NEW YORK – A revised federal spending package containing billions of dollars in international humanitarian aid that the American bishops support, and absent the border security provisions that the American bishops denounce, is suddenly possible because of a divided Senate.
The original version of the spending package, containing both the humanitarian aid and the border provisions, failed to acquire the 60 votes it needed to pass on Feb. 7, leading Senate Majority Leader Chuck Schumer to push for a version of the fiscal package absent the border provisions.
The revised version could still contain $10 billion in international humanitarian aid that both the U.S. Bishops’ Conference, and its international humanitarian aid agency, Catholic Relief Services, support.
“We, as people of faith, cannot neglect the cries of countless families impacted by conflict, hunger and displacement,” Bill O’Keefe, the Catholic Relief Services executive vice president for mission, mobilization and advocacy said in a Feb. 7 statement on the importance of the funding.
“Basic resources – food, shelter, and clean water – would breathe life into millions of our sisters and brothers suffering from compounding crises,” O’Keefe continued. “Urgent funding, action and leadership by the United States government is necessary to prevent despair and foster peace from Sudan to Ukraine, and from Central America to Gaza.”
Within the $10 billion is an allocation of $5.655 billion in international disaster assistance, and an allocation 3.495 billion in migration and refugee assistance. Both of these allocations are directed at Israel and Ukraine, but have the flexibility to respond to people suffering from crises worldwide. The $10 billion also allocates another $850 million in international disaster assistance solely for the western hemisphere.
The original package, H.R. 815, was the Senate’s version of the Emergency National Security Supplemental Appropriations Act, 2024 that had a price tag of $118 billion. That package would’ve addressed border security, humanitarian aid, and aid specific to Israel, Ukraine and Taiwan.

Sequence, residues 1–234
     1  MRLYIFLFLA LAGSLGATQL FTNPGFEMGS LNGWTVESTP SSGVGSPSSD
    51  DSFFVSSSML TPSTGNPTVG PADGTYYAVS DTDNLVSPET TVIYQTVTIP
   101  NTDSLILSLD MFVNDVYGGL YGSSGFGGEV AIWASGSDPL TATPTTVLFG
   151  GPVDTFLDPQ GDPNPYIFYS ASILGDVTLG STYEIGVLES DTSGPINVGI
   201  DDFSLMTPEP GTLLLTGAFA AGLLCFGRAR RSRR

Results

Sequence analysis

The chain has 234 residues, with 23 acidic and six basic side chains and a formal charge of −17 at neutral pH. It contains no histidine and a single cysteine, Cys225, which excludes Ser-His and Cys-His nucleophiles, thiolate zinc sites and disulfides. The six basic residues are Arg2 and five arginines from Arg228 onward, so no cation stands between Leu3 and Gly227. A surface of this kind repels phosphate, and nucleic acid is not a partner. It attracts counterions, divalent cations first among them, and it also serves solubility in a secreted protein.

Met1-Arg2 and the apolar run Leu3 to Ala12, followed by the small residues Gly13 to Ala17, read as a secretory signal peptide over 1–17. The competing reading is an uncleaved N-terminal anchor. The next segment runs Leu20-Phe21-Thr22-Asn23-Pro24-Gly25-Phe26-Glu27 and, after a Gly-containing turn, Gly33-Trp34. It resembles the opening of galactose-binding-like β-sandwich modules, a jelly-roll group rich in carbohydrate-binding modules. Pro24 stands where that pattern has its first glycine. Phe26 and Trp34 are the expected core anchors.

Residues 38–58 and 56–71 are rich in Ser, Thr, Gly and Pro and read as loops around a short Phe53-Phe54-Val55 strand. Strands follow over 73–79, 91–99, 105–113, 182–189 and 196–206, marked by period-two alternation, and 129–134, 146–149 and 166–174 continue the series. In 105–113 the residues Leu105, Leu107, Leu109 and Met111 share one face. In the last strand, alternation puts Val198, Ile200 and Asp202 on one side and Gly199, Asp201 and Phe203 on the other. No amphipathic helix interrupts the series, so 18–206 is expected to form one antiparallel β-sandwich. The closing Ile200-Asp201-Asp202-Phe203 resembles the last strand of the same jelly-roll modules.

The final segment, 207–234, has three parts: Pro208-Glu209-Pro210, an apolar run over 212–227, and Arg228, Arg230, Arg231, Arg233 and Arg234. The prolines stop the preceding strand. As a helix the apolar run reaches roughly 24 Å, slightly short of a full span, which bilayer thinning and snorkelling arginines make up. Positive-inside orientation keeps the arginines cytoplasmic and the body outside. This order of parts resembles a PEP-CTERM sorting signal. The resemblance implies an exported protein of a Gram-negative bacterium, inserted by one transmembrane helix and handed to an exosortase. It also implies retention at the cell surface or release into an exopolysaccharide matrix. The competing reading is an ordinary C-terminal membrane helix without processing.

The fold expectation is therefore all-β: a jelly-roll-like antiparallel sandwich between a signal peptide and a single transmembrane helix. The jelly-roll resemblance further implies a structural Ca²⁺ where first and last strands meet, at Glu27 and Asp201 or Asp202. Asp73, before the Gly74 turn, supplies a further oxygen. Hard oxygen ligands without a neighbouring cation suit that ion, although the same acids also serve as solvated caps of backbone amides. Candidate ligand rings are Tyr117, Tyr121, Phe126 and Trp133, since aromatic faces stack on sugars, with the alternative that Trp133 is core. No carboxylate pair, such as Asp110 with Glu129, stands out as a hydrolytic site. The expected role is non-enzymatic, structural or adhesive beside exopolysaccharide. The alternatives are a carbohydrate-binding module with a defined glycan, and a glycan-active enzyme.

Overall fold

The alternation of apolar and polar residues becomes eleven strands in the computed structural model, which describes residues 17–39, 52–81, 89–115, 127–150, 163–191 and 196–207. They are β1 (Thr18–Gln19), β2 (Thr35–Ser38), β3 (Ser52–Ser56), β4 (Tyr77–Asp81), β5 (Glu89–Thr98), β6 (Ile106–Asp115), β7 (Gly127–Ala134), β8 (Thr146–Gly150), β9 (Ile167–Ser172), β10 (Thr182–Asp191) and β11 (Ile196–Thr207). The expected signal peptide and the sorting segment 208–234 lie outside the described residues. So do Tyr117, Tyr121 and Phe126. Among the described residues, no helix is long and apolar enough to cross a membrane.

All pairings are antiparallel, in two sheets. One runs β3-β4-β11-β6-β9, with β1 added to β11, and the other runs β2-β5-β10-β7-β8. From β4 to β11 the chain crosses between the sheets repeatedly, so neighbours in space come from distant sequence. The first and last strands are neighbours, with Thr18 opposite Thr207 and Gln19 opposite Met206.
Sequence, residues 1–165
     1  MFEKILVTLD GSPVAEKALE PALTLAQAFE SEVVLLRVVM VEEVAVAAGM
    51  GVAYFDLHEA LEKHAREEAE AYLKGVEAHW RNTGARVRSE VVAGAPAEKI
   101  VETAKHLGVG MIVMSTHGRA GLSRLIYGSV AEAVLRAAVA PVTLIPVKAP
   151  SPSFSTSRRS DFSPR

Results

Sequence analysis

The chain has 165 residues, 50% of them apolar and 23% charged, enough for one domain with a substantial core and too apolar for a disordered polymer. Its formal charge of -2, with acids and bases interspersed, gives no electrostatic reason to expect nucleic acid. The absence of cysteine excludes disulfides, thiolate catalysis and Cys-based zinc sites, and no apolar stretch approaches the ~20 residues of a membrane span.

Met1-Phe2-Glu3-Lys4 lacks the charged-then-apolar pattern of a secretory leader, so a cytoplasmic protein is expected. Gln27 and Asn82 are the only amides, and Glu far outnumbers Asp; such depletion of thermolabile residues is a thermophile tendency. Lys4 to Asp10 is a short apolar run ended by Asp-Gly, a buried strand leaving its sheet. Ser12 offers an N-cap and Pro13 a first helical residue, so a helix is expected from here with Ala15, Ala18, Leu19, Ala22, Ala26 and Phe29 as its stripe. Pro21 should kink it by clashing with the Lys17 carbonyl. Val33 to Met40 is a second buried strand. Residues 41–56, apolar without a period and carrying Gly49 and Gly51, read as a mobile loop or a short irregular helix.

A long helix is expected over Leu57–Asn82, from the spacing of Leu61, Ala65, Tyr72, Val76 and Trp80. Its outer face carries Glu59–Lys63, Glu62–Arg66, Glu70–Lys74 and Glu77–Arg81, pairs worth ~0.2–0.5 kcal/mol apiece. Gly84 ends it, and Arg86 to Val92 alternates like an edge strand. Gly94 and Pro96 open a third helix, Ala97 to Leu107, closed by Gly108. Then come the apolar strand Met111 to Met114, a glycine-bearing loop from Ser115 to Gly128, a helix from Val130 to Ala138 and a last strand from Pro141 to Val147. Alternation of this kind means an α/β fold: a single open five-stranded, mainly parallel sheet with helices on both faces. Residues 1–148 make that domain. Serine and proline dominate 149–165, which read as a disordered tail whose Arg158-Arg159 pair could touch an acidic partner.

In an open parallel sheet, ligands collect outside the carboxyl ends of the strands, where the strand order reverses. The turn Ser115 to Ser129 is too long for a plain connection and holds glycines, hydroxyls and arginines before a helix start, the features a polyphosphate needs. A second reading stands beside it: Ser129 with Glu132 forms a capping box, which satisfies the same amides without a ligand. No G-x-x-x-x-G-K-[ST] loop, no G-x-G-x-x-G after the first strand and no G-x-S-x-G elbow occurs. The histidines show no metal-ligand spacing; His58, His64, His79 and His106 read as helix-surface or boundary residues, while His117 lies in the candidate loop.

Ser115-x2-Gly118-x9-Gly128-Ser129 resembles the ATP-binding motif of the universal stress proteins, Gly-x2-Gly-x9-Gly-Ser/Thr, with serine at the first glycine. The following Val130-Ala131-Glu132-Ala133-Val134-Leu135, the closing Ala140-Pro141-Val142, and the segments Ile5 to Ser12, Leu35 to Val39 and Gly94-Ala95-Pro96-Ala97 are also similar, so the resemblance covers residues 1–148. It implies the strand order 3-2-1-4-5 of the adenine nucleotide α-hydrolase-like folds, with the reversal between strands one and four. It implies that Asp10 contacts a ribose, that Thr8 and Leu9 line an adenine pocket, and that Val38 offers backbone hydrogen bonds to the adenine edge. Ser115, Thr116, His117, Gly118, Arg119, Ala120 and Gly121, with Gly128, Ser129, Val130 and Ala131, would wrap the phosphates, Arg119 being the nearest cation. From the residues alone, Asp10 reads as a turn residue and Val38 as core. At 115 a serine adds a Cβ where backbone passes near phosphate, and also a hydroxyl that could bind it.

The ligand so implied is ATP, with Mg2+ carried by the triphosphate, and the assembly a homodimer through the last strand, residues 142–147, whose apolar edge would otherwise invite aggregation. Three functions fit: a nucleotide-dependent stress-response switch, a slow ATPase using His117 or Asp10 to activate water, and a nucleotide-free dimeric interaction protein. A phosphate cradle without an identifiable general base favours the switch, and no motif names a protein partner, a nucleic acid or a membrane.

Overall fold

The revised package essentially drops the border security provisions. After hours of negotiations, late on Feb. 7 the revised package passed its first procedural vote, and was subsequently tabled until noon today.
Bishop Mark Seitz of El Paso, the USCCB Migration Chair, wrote a letter to Senators on Feb. 6 urging them to reject the border security provisions in the package, arguing that the duty to manage the border should not come at the expense of humanitarian protection for migrants.
Seitz did, however, express support for other aspects of the package including humanitarian aid.
He and other USCCB chairman – Archbishop Borys Gudziak, Archbishop of the Ukrainian Catholic Archeparchy of Philadelphia and chair of USCCB Committee on Domestic Justice and Human Development, and Bishop David Malloy of Rockford, chair of the USCCB Committee on International Justice and Peace – wrote to congressional leaders about its importance of including humanitarian aid in a supplemental funding package back in September.
“As our country more fully recognizes and responds to forced displacement as a regional and global phenomenon this funding will allow the State Department to sustainably and equitably expand Western Hemisphere initiatives without adversely impacting resettlement efforts and international assistance in other parts of the world,” the bishops wrote.
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